We laid Al Brilliant to rest on Saturday, a roomful of us that he affected in his long, dense and curious life.
To rest! I mean that figuratively, of course, infused with meaning below the surface as with all things connected to him. I have no idea what they did with his remains, what state they were in or where they ended up. Pretty sure Al would not care about that either — I believe he’d just as soon we cast his ashes into a strong wind, much in the way he handed his own life over to the whims of fate all those years ago.
I loved Al. Simply. I loved the way he made me feel: grounded, listened-to, worthy. And the way he’d drop an anecdote from his own deep well of experience.
Oh yeah, that was when I was working in the bookstore in Times Square.
I found one of my old pieces about him, and another that he wrote for us in 2014, our first year. I found a bunch of his poems in the Sun and read them until I hit a paywall. Yesterday I devoured most of his autobiography, handed out as a keepsake at his gathering, in the same way I binged upon his “Bus Journal” in 2007 or so, a real-life document of Al’s adventures in public transportation.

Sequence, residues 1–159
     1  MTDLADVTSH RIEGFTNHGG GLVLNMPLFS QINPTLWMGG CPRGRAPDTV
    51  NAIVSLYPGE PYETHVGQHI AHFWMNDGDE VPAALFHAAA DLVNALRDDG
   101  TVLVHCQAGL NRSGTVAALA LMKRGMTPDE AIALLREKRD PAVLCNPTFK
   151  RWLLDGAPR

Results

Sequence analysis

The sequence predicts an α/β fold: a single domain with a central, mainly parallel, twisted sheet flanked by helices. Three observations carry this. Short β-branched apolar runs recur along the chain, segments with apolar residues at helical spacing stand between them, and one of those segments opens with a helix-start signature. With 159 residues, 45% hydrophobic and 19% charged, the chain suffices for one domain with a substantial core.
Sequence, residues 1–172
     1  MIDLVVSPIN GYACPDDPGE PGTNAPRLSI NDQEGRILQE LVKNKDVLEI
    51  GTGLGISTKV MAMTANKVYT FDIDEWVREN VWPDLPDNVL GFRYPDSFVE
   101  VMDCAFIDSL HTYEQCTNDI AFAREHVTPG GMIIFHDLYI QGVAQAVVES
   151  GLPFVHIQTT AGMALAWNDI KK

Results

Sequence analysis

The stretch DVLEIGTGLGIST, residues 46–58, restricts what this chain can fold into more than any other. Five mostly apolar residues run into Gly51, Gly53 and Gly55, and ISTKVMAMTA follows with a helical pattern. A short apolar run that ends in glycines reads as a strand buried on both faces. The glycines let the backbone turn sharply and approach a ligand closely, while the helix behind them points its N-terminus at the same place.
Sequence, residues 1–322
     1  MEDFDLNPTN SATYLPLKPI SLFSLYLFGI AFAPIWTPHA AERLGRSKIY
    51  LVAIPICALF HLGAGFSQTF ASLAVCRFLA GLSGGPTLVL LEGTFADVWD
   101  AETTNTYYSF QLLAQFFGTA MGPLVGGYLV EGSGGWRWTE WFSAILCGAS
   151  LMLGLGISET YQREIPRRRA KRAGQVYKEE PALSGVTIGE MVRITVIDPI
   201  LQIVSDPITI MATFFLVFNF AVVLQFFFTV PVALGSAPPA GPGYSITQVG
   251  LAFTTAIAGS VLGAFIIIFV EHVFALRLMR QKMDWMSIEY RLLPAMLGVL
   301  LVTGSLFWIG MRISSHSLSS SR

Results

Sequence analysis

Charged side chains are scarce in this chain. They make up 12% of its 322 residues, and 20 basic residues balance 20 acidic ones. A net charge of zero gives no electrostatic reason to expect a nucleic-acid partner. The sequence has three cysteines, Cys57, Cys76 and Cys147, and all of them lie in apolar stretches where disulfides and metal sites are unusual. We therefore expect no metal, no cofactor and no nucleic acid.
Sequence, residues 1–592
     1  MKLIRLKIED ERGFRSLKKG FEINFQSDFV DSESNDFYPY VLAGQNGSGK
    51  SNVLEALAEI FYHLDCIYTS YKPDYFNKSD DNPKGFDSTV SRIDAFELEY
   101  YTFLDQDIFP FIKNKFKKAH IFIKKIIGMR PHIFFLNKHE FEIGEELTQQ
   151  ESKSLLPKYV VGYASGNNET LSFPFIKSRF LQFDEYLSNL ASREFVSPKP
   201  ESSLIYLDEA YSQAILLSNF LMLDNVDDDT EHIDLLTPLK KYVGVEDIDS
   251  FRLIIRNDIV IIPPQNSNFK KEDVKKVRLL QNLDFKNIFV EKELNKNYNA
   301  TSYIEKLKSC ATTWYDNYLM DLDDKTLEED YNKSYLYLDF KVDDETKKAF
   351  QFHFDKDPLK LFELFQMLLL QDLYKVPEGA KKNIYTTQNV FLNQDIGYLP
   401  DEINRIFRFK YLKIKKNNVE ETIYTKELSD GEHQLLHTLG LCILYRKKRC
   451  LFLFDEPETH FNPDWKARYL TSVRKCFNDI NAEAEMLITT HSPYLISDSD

And I fear — I hope! — that pieces of his writing style have crept into my own. The exclamation points! The clear and simple prose. The occasional phrase turned. There’s something of Vonnegut to it, I think, and the voice of the clear-eyed, young beatnik he once was.
Al Brilliant was really something. When everyone else was watching the war in Vietnam on TV, he was publishing Vietnamese poets. When every fancypants with an MFA was trying to score a book deal, he literally — not figuratively! — made his own books. I once saw him make a bound book out of a Froot Loops box. And if you asked him for a cup of coffee at his shop, Glenwood Coffee and Books, he might or might not have it on hand. Fifty-fifty.
What a guy! What a life!
What a life.
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